Another possibility is hinted at by a 2001 article in the Chronicle of Higher Education (a publication with which I have had some issues recently) [2]. An unpublished study suggested that online courses have better learning outcomes than classroom based courses. The study looked at communication in completing a group project, rather than online vs in class discussion. Perhaps rather than discussion prompts that lead student conversation to diverge, the task should be to work together to some common end.

Other papers that I skimmed while writing this post mentioned the effect of instructor involvement in the discussion [3]; most of my asynchronous course sessions have had minimal instructor involvement, but I did mind less the discussion forum in which the professor was more actively engaged. (I still was grumbly about it.)

This semester I have asynchronous sessions in both of the classes I’m taking–2 sessions in one class and 4 in the other. I’m looking forward to trying some of the strategies I suggested above to make them thoughtful and inspiring.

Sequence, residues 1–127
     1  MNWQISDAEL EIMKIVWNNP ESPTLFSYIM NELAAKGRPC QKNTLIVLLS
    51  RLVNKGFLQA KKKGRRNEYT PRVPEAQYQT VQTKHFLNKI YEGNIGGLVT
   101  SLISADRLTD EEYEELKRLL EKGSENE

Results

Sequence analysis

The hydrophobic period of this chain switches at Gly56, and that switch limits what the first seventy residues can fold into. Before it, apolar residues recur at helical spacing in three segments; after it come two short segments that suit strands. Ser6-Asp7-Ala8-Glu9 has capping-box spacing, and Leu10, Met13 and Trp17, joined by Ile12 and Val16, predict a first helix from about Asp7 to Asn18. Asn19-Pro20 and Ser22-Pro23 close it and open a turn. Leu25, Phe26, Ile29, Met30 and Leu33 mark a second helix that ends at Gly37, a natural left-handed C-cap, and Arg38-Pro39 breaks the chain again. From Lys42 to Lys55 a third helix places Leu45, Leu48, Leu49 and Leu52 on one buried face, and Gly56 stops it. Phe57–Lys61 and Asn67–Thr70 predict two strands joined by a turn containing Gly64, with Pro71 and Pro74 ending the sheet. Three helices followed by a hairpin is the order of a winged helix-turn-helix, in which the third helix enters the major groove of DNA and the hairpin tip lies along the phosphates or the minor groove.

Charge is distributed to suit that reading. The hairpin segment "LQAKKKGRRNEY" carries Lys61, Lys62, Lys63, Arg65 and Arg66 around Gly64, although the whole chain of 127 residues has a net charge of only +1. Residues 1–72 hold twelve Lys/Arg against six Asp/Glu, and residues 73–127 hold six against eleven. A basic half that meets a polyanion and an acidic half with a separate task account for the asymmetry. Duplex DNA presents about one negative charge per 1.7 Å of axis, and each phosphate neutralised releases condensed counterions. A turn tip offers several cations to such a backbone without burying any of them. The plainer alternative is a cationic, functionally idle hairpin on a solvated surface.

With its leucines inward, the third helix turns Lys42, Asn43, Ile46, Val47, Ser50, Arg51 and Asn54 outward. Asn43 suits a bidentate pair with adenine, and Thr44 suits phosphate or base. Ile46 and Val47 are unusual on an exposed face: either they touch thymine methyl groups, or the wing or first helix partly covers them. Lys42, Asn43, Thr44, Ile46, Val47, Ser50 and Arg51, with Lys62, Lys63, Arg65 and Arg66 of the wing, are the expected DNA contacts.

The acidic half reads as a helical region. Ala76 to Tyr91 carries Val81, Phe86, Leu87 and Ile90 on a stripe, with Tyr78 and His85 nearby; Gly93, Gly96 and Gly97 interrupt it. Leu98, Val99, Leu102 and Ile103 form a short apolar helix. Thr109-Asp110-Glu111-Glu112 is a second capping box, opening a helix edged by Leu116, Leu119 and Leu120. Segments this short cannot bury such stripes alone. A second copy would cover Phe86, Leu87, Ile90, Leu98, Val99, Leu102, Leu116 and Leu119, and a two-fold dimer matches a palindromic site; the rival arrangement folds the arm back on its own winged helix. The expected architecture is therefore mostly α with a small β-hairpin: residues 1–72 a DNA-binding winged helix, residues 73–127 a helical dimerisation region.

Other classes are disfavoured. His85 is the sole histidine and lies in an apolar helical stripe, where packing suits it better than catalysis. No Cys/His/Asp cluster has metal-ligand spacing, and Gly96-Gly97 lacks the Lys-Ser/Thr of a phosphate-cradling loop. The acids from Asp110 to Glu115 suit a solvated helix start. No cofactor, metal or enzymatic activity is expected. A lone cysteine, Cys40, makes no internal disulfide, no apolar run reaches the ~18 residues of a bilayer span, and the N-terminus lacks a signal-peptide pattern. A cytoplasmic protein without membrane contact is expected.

What do you think? Have you had any classes with successful online discussion forums? What were the characteristics that made them effective?

[1] Gao, F., Zhang, T., & Franklin, T. (2013). Designing asynchronous online discussion environments: Recent progress and possible future directions. British Journal Of Educational Technology, 44(3), 469-483.

[2] PASKEY, J. (2001). Report cites advantages of online study. The Chronicle of Higher Education, 47(38), 029-A29.

[3] In particular, see Della Noce, D. J., Scheffel, D. L., & Lowry, M. (2014). Questions That Get Answered: The Construction of Instructional Conversations on Online Asynchronous Discussion Boards. Journal Of Online Learning & Teaching, 10(1), 80-96.

Categories: Distance Learning

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6 replies